I journey back to the stairs, with the wrench, and tried to make some headway on the mountainous snow piles. We would not be able to get the kids up to the cabin without first clearing the stairs. My Honey and I barely made it up to the cabin ourselves, and it would be unsafe to attempt to bring the kids up and over that ice.

As Im chipping away at the stairs, the kids and the car in my sights, I holler out to them often, "This is it guys, mountain living, isnt it fun?!!" I would say with a chuckle and a smile. I was still delusional about getting this all cleared out and continuing on with our vacation.

We had arrived at the cabin around noon. We were hungry, but had planned to bring in our bags (and start the heater) before venturing back out to eat. We figured that after lunch, we could enjoy some snow play, and then head over to the supermarket to buy some food, paper products and firewood. We wanted to be back to the cabin to cook dinner before darkness set in, as the cabin would be tough to find in the dark, as we were not acquainted with the neighborhood.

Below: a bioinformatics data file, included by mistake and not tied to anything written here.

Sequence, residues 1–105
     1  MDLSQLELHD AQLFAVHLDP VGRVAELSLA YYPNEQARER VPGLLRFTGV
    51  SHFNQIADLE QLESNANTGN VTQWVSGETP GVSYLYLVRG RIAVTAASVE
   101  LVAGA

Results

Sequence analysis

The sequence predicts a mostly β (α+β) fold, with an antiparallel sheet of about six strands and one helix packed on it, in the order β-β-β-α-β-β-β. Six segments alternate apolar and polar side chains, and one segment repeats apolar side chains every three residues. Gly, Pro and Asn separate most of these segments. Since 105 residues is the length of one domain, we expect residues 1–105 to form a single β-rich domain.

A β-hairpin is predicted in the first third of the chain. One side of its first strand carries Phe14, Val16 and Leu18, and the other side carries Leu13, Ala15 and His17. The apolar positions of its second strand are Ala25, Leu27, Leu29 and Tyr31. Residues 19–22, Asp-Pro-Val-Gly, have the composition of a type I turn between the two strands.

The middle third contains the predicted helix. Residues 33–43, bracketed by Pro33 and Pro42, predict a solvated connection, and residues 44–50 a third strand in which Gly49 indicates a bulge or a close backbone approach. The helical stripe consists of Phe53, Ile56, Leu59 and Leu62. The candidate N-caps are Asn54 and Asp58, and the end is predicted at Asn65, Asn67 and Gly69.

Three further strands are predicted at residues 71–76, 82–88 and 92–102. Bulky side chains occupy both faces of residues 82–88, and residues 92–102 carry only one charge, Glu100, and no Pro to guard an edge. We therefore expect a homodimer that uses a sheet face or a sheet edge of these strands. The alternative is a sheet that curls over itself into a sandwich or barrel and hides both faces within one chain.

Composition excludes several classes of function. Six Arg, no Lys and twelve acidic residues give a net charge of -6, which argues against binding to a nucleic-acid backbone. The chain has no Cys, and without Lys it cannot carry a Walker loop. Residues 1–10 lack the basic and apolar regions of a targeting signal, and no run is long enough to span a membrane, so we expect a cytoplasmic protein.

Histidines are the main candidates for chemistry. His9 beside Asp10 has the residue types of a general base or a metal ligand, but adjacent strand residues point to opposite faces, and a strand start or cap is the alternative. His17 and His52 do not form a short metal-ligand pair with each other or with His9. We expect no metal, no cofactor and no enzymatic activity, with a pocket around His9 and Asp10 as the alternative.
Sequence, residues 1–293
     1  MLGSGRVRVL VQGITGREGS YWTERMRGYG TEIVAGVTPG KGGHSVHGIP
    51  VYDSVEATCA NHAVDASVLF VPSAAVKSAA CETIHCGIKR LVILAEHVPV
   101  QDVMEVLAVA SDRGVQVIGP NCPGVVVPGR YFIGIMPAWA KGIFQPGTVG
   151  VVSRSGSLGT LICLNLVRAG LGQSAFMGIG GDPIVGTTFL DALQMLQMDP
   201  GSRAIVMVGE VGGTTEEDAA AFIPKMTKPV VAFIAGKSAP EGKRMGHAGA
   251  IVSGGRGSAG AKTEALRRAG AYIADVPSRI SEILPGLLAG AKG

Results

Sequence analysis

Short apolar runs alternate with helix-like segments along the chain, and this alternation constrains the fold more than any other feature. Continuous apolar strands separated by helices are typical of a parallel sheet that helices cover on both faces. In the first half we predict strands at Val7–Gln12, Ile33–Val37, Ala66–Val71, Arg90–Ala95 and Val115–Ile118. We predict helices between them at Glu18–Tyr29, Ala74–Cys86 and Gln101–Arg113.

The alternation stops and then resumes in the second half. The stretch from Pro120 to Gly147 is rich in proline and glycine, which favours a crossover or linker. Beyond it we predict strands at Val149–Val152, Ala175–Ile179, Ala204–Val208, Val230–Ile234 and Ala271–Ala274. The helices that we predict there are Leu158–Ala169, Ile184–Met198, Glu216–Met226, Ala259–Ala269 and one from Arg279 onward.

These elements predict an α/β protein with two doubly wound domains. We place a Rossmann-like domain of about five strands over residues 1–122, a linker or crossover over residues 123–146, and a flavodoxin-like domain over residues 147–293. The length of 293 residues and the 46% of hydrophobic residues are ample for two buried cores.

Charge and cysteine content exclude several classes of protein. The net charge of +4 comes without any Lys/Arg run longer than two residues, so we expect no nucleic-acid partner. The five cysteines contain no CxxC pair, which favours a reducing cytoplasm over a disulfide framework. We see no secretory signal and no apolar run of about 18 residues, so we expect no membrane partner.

Noon soon turned to 1, and 2:00pm was fast approaching. I had cleared a few steps, and My Honey finally got the shovel from beneath the snow.

It took him an hour just to get the shovel. That's when we realized that this project was a lot harder than it looked!

We assessed the situation, and decided that it would be impossible to clear the driveway. The stairs were a must, as we couldnt get the kids into the cabin without some clearance on the stairs.

While I had cleared a few stairs, there were still over 20 to go. My Honey decided that he would clear just a 1' foot path on the stairs, just enough to walk up. To try and do anymore would be a waste of time, as it was, we would be lucky to get the task done before it got dark. Here he is, working away, this picture was taken when he was almost done.